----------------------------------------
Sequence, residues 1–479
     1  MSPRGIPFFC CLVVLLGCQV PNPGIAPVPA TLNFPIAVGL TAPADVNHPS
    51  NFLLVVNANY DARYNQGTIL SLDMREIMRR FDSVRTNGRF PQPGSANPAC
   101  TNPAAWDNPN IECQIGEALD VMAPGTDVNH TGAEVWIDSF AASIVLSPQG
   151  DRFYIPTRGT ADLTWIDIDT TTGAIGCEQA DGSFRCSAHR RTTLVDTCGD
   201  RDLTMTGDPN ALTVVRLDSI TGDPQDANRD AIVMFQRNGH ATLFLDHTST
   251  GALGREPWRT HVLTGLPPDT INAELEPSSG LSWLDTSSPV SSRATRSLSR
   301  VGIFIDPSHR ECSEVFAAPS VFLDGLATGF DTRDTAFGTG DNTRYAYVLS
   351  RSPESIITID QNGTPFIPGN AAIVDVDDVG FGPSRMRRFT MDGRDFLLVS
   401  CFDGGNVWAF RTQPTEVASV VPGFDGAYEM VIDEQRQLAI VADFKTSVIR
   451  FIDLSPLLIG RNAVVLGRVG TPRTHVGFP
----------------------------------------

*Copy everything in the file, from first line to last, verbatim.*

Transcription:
Sequence, residues 1–479
     1  MSPRGIPFFC CLVVLLGCQV PNPGIAPVPA TLNFPIAVGL TAPADVNHPS
    51  NFLLVVNANY DARYNQGTIL SLDMREIMRR FDSVRTNGRF PQPGSANPAC
   101  TNPAAWDNPN IECQIGEALD VMAPGTDVNH TGAEVWIDSF AASIVLSPQG
   151  DRFYIPTRGT ADLTWIDIDT TTGAIGCEQA DGSFRCSAHR RTTLVDTCGD
   201  RDLTMTGDPN ALTVVRLDSI TGDPQDANRD AIVMFQRNGH ATLFLDHTST
   251  GALGREPWRT HVLTGLPPDT INAELEPSSG LSWLDTSSPV SSRATRSLSR
   301  VGIFIDPSHR ECSEVFAAPS VFLDGLATGF DTRDTAFGTG DNTRYAYVLS
   351  RSPESIITID QNGTPFIPGN AAIVDVDDVG FGPSRMRRFT MDGRDFLLVS
   401  CFDGGNVWAF RTQPTEVASV VPGFDGAYEM VIDEQRQLAI VADFKTSVIR
   451  FIDLSPLLIG RNAVVLGRVG TPRTHVGFP